Your Place in Line: Waiting Times in Israel’s Public Hospitals
August 07, 2016
PRESS RELEASE: Your Place in Line: Waiting Times in Israel’s Public Hospitals
A new study by the Taub Center for Social Policy Studies in Israel has found that patients in the large metropolitan area hospitals (Tel Aviv, Haifa and Jerusalem) have shorter waiting times for medical procedures than those at hospitals in the Northern and Southern districts. According to the study, steps such as improving collection and accessibility of waiting times data, setting targets for hospitals and enforcing them, and creating appropriate incentives are likely to shorten waiting times for procedures in public hospitals.
Click here to read the full policy brief on Waiting Times in Israel’s Public Hospitals.
- There is a negative correlation between the supply of hospital beds and waiting times for elective surgery. In Jerusalem, Tel Aviv and Haifa, the supply of beds is the highest in the country (2.2-2.5 beds per 1,000 population), and the waiting times are 15%-30% shorter than the national average. In contrast, in the Southern district, there are only 1.3 beds per 1,000 population, and waiting times are about 44% longer than the average.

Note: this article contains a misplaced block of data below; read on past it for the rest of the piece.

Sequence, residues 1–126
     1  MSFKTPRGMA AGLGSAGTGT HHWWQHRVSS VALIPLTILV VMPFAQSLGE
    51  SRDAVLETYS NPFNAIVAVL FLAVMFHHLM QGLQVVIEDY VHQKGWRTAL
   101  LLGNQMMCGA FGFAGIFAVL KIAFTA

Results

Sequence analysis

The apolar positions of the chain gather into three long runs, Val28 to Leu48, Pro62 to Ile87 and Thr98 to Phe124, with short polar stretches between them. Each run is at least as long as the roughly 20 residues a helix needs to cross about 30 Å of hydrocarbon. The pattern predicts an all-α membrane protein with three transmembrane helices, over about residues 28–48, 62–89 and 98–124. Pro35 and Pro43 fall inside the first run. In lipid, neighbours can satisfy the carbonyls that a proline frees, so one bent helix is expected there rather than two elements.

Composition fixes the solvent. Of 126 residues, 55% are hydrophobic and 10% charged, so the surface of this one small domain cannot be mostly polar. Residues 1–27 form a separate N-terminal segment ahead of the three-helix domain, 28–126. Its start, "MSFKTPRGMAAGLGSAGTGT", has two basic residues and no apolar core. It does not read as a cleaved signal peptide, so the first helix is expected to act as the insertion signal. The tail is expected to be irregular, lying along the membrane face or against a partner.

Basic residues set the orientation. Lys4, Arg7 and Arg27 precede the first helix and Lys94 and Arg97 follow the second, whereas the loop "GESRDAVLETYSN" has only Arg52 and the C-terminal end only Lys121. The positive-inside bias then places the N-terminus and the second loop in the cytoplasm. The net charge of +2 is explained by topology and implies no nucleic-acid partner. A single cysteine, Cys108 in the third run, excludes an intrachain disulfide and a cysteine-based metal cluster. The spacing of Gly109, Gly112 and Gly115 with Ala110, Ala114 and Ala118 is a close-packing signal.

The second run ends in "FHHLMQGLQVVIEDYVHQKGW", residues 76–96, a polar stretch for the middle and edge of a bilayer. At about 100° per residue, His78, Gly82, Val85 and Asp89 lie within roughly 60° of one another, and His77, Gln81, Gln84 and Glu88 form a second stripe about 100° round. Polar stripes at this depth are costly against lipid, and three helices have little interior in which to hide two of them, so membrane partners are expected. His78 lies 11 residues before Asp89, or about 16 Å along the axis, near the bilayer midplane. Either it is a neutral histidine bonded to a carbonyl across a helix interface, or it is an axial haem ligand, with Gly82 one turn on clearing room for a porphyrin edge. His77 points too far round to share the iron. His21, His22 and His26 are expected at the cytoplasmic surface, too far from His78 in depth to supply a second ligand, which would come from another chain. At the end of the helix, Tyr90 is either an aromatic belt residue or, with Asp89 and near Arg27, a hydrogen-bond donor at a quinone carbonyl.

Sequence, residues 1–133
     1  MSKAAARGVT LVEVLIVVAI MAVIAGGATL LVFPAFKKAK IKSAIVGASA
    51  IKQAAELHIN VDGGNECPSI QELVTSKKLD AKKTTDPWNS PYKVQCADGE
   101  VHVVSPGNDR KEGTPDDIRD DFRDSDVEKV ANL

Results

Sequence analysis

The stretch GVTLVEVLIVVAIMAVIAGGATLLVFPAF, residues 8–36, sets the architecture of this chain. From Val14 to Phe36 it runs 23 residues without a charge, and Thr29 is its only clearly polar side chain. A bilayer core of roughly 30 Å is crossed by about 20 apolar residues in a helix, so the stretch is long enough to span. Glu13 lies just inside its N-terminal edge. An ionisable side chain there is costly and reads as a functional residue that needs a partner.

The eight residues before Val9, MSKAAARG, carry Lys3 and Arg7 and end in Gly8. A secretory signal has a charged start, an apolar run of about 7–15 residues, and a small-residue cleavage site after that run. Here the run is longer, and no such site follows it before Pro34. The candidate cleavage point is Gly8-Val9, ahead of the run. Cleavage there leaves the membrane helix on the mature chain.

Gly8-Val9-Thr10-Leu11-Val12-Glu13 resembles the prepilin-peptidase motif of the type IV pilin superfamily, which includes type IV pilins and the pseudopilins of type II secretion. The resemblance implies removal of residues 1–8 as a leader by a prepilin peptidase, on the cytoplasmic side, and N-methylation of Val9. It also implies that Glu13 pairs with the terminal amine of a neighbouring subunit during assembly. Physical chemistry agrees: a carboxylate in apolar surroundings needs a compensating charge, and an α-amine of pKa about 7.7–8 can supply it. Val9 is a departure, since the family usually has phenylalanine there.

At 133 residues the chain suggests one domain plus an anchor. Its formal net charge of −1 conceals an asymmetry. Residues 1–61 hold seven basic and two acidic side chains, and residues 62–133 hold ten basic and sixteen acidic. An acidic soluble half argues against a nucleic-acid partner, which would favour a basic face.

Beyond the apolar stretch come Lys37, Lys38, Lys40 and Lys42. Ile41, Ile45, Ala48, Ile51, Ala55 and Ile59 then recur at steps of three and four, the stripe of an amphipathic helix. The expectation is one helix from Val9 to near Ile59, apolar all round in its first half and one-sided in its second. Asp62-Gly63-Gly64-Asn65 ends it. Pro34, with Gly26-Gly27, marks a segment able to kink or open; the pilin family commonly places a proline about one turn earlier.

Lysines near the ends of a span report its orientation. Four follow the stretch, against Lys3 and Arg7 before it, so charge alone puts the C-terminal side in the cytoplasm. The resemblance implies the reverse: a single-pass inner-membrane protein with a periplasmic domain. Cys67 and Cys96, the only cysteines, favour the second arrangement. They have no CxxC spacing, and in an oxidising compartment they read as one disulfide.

- Between 1999 and 2012, the share of Israelis holding both types of private health insurance (supplementary and commercial) nearly quadrupled, and stood at about 40% in 2012. This phenomenon may come from the feeling among Israelis that they do not receive effective care in the public healthcare system. Since the public and private system rely on the same healthcare workforce, the existence of supplementary insurance leads to longer lines in the public system and thus further proliferation of private care.
- When measuring waiting times in 27 public hospitals in Israel, it was found that there is large variation between institutions. For example, there is a difference of nearly a year in waiting times for knee replacement, tonsillectomy and deviated septum procedures between the hospitals with the longest and shortest waiting times.
- At hospitals owned by Clalit Health Services, the median wait time is the longest – about 15% higher than the national average. In hospitals that function as non-profits, wait times are the shortest – 32% less than the national average.